This remarkable autobiographic commentary was written in 1860 by an anonymous recovered psychotic patient. Dr. Fromm-Reichmann, interested in exposing the thesis that the psychologic experiences and modes of expression of psychotic, neurotic and "so-called normal" individuals differ not in kind but in degree, has uncovered this work, which offers impressive support to her thesis. While the author, a layman, reflects in his writing a number of the misconceptions current to the psychiatric thinking of his time, his concept of mental disorder is in greatmeasure in keeping with modern thinking. He insists that "the line that separates sanity from insanity is invisible, and there are as many kinds and degrees of the disease as there are sufferers."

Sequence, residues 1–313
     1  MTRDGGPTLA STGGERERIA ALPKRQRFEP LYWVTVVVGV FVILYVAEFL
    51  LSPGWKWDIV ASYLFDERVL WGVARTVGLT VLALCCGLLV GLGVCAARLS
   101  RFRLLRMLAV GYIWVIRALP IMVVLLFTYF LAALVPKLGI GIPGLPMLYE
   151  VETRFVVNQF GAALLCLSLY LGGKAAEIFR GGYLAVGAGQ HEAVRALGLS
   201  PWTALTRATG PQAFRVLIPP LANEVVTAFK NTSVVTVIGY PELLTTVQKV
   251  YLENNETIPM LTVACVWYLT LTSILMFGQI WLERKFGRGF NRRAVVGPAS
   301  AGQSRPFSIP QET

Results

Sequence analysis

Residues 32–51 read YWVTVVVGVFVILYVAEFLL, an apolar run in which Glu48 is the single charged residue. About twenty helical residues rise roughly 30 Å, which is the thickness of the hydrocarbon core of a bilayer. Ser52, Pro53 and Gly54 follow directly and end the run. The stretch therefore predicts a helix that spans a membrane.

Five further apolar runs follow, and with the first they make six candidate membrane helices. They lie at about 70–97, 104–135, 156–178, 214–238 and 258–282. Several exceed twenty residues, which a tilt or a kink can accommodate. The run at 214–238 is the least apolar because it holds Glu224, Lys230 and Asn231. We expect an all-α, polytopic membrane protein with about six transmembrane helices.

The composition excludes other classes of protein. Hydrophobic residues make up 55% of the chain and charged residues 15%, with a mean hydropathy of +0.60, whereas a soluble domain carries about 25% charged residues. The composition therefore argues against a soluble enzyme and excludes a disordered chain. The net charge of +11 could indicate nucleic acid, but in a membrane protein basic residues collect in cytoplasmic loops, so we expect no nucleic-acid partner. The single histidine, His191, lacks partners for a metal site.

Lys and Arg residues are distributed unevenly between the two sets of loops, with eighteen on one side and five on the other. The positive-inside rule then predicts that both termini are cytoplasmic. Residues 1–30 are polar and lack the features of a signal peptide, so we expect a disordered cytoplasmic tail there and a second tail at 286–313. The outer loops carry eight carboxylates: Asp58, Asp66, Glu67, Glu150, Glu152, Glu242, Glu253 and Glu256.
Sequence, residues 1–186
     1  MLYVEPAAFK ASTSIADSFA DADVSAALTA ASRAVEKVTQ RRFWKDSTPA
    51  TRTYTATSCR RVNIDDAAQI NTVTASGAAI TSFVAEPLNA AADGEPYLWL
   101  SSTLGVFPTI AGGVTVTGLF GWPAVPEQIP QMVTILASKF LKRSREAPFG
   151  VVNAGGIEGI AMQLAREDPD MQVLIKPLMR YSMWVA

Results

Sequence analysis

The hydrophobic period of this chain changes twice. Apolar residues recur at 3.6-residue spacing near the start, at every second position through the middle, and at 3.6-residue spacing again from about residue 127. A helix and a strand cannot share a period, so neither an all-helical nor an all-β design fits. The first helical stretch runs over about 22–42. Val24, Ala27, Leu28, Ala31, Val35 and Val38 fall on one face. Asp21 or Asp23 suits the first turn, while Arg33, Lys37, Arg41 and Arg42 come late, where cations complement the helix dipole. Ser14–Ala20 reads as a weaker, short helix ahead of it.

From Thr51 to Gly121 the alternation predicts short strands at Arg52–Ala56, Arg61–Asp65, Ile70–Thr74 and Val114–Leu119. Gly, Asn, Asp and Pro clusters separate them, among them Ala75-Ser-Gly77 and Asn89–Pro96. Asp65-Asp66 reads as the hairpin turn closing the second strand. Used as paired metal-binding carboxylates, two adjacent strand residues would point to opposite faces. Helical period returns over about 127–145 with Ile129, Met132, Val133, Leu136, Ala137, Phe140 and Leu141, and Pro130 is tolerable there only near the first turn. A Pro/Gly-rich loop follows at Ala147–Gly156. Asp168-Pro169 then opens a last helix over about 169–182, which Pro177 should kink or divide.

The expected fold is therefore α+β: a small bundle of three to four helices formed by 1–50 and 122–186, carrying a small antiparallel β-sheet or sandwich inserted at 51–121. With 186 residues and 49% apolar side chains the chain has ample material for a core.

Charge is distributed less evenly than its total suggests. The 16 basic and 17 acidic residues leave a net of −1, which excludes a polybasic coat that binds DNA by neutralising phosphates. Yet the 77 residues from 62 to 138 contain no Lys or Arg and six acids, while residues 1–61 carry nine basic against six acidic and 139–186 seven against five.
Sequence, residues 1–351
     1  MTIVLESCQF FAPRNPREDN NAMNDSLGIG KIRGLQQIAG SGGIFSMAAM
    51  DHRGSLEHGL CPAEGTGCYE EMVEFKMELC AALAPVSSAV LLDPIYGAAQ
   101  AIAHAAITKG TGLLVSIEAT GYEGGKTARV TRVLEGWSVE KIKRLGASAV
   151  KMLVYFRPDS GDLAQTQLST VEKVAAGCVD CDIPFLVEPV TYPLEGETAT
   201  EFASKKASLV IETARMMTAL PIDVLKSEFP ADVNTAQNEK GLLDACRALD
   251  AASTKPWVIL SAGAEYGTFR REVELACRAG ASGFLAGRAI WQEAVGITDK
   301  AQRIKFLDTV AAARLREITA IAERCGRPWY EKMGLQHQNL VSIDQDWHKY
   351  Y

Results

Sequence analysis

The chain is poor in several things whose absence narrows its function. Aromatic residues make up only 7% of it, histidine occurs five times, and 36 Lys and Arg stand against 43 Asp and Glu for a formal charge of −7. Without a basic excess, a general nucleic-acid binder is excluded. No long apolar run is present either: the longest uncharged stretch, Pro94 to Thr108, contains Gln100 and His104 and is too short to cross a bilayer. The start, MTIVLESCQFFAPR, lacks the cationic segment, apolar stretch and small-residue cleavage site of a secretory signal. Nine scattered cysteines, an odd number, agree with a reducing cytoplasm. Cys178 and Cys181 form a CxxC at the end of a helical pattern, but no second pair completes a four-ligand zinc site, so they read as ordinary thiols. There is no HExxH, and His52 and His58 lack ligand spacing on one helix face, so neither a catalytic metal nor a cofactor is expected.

The description of the delusional mental state during recovery from a manic attack has the peculiar quality dependent on the intense suffering experienced by the the writer. His remarks on the care of the